“Sea of Monsters” douses viewers with fun

courtesy of tdzdaily.org

Fans of Rick Riordan’s popular “Percy Jackson & the Olympians” book series, rejoice. “Percy Jackson & the Olympians: the Sea of Monsters,” although not identical to its book counterpart, certainly bears more resemblance to the novel than its flawed predecessor “Percy Jackson & the Olympians: the Lightning Thief.”

‘Warm Bodies’ compels with peculiar zombie-human love

The concept of a supernatural creature falling in love with a human is not new. Stephenie Meyer’s “Twilight” saga and the traditional fairy tale of “Beauty and the Beast” depict tales of uncommon love interests. However, “Warm Bodies,” the zombified version of Shakespeare’s “Romeo and Juliet,” marks the first time that a zombie has been portrayed as a rational, loving creature.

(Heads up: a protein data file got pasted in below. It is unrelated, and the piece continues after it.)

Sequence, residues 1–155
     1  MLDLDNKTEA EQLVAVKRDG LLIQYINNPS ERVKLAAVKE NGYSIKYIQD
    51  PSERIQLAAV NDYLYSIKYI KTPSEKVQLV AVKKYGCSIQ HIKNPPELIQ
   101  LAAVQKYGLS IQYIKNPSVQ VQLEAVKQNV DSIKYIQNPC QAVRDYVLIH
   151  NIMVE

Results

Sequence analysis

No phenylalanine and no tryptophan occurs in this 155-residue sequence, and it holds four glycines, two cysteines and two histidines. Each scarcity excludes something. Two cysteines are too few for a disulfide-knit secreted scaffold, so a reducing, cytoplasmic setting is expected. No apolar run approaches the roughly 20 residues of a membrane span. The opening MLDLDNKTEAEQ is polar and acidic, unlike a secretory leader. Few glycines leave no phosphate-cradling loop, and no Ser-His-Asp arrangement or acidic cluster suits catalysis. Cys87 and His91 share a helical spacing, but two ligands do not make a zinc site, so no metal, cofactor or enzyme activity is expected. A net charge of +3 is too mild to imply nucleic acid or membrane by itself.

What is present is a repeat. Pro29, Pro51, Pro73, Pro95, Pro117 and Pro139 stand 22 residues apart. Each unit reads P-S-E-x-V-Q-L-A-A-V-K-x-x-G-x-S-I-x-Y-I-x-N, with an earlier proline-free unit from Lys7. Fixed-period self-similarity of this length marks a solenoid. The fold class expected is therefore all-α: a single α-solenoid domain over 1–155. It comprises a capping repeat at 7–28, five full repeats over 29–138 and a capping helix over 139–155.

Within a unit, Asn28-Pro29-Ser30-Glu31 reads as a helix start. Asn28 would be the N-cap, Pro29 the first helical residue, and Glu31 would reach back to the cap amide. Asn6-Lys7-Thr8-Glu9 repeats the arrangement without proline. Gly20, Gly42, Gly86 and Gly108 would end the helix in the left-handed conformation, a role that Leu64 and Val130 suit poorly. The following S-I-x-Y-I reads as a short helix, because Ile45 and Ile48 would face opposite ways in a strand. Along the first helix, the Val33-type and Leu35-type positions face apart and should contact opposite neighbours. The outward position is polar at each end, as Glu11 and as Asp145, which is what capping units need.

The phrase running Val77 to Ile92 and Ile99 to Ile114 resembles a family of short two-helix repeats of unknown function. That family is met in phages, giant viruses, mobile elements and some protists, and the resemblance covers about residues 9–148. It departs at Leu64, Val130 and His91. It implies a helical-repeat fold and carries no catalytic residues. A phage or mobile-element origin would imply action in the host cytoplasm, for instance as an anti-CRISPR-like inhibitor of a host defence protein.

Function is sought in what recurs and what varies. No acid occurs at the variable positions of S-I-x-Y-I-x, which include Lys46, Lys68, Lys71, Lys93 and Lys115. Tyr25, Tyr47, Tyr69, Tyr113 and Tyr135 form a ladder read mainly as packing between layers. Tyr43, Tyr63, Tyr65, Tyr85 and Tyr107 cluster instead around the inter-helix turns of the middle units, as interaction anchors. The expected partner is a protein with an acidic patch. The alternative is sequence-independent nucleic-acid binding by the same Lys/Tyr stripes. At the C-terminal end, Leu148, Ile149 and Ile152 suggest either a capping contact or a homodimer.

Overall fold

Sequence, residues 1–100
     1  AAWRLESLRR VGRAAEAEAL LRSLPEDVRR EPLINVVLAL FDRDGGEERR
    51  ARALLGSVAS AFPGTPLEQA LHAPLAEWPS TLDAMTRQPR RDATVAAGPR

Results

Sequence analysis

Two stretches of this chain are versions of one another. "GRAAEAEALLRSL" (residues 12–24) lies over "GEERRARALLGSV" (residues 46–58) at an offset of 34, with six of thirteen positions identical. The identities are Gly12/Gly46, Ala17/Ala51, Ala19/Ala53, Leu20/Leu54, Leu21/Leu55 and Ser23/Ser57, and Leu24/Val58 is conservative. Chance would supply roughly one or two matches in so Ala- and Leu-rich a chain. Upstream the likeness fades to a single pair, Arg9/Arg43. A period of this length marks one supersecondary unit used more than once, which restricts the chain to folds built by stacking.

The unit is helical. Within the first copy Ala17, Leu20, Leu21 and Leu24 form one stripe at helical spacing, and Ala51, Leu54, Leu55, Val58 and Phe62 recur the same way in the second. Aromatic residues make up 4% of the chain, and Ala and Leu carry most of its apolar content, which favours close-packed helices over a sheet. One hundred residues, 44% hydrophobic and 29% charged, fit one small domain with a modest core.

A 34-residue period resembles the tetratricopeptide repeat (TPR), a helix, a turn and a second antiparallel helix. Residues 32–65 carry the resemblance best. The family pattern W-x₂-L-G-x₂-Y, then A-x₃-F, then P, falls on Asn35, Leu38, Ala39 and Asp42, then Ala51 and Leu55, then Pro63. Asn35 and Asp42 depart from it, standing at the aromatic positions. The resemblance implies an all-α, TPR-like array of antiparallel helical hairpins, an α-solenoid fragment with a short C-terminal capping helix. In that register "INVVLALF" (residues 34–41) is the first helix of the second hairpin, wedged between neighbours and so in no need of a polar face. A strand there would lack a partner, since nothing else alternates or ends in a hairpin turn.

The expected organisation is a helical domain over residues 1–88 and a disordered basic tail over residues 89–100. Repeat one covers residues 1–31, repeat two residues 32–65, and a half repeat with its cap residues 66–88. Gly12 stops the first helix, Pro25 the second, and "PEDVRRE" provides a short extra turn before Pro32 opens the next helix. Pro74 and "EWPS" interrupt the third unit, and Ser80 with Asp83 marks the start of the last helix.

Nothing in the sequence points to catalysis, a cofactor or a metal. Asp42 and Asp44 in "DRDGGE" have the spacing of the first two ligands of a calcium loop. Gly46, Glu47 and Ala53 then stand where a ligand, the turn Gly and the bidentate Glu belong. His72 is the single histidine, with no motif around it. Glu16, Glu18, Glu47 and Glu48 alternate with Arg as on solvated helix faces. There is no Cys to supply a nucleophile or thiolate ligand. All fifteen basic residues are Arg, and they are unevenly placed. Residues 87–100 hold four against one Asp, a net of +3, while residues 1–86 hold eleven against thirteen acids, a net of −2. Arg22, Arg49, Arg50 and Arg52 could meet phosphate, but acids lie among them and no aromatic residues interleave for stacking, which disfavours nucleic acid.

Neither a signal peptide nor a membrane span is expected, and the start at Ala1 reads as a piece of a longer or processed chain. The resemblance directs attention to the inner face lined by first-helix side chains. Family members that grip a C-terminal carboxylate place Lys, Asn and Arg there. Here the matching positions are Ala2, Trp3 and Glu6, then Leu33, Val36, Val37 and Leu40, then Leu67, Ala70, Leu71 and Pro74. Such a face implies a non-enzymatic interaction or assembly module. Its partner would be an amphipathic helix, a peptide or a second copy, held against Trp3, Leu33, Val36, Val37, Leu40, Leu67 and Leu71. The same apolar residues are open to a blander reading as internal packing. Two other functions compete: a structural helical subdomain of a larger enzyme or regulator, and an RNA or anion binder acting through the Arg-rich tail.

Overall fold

“The Hobbit” offers homecoming feeling

Courtesy of thehobbit.com

After a 10 year hiatus, “The Hobbit: An Unexpected Journey” welcomes viewers back to the world created by author J. R. R Tolkien, where evil makes its way back into the light through the hands of an unsuspecting hobbit on an unexpected journey.

‘Wreck-it Ralph’ plays crowd

courtesy of Walt Disney Studios

“Wreck-it Ralph,” a computer-animated adventure film directed by Rich Moore, is an intriguing, loving film, with engaging characters, suspenseful conflicts and an arcade-inspired music score.

‘Tai Chi Zero’ presses play on style


“Tai Chi Zero,” a Chinese martial arts film by director Stephen Fung, has a thin plotline with a in tongue-in-cheek tone, manic steampunk and video game interpolation and, of course, plenty of hand-to-hand combat.

‘Prometheus’ sacrifices story for style


“Prometheus” aims to invite an interesting dialogue about creation and even extraterrestrial life, and does so with visually stunning clarity, believable futuristic technology and a handful of well-trained actors. The major crux in such an artistic film, however, is the lack of a substantial story development to better suit those ideas.

Remembering A Titanic Event

courtesy of HOUSTONPRESS

The real story concerning the sinking of the RMS Titanic is not the movie, the exhibits or the food that was served, but the lives of the many people that were tragically changed or ended altogether.